Ahead of the ten-year anniversary of Anders Breivik's terrorist attacks that left 77 dead and 150 wounded, the Norwegian Police Security Service (PST) has published a searing report on the rise of "right-wing extremism" in the country.
PST wrote that "right-wing extremism in Norway" floundered with a "broken back" after the massive condemnations following the murder of the Ghanaian boy Benjamin Hermansen by neo-Nazis, but has now resurfaced and become a "transnational phenomenon".
"Right-wing extremists emphasise to a greater extent than before a western, rather than national identity", PST wrote, highlighting "conspiracy theories" like white genocide and population replacement, which imply that whites will become a minority in their own countries due to low birth rates and a heavy reliance on immigration. However, reports have suggested that Norway's neighbour, Sweden, which has arguably the most lax immigration policy in all of Europe, will become minority Swedish at various points in the 21st century, depending on demographics.
Furthermore, "right-wing extremists" are said to have a broad, diverse, and ever-changing picture of the "enemy", which includes external foes, such as "Jews, Muslims, and non-western immigrants", and internal opponents as "LGBTQ+, left-wing parties, and the traditional media".
The report identified cross-border humour, politically incorrect memes, and cultural references as features of the network, serving to "dehumanise opponents", as well as radicalise and recruit new members and give them a sense of belonging.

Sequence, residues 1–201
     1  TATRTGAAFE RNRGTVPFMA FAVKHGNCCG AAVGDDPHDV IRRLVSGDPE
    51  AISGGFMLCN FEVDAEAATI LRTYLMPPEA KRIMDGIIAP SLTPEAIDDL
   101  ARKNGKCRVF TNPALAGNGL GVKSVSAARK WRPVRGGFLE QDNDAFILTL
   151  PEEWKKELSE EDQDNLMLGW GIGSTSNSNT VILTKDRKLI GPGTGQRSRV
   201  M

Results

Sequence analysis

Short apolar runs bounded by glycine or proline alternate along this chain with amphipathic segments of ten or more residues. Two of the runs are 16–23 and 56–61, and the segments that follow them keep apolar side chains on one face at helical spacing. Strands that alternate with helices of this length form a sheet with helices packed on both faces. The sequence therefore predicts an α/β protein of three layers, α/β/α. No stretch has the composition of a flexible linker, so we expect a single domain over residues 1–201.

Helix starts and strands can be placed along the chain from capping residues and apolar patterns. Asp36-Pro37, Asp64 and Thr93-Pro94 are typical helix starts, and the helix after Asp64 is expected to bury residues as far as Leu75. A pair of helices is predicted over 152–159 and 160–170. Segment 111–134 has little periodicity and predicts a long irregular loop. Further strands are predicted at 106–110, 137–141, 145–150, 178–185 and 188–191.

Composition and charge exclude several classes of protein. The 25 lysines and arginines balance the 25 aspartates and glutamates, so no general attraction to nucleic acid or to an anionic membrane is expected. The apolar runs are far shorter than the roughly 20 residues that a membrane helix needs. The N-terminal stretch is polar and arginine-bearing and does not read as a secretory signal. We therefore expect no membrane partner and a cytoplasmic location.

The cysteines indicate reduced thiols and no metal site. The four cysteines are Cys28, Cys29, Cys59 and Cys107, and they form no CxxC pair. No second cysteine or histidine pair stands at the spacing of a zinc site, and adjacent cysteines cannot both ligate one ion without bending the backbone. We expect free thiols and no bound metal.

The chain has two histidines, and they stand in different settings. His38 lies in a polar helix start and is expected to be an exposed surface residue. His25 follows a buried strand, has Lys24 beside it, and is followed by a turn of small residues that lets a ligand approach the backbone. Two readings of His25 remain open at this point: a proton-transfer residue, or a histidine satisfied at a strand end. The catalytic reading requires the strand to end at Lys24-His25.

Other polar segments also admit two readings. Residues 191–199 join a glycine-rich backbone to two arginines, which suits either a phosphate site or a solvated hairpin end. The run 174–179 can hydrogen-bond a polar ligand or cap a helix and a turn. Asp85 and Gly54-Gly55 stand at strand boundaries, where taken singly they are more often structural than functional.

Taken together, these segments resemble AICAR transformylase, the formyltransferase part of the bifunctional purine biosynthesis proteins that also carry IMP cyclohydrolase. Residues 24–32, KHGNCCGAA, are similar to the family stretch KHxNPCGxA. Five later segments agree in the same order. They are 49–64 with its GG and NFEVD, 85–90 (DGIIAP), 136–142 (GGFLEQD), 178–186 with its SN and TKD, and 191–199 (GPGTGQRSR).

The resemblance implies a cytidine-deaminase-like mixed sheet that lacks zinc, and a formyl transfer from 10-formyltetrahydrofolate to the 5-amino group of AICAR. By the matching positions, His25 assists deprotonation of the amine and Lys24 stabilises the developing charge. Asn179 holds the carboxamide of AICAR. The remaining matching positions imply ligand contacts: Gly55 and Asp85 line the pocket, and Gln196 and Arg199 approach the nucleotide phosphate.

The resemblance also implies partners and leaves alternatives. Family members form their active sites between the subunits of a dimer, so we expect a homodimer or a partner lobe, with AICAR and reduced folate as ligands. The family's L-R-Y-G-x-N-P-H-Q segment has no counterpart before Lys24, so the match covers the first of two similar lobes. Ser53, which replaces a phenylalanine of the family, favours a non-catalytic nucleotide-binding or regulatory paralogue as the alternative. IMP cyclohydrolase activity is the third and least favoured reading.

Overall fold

"Stereotypical gender roles are promoted, where men should be masculine and women should be feminine. This perspective on gender means that liberalist principles such as equality and rights for LGBTQ+ pose a threat to the far-right ideal society. At a time when traditional gender norms are becoming more fluid, one sees an increasingly strong reaction from right-wing extremists, and this has led to an increased focus on, among other things, transgender people in right-wing extremists' enemy picture", the report said.
The report comes ahead of a symbolic 22 July ceremony on the day of Anders Breivik's attacks in 2011. Labour leader Jonas Gahr Støre has already referenced the report in a speech on the island of Utøya, the site of the mass shooting seen as the bloodiest in Norway's history.
Støre called it a "brutal" text, urging more research and closer international cooperation against closed environments.
Prior to his dual attack against Oslo's government quarter and the Labour Youth Camp on Utøya Island, the deadliest in Norway's peacetime history, Anders Breivik issued a 1,500-page manifesto. There, he voiced vocal opposition to multiculturalism and Islam, blaming feminism for what he called Europe's "cultural suicide". Breivik has since been serving Norway's harshest sentence of 21 years in solitary confinement.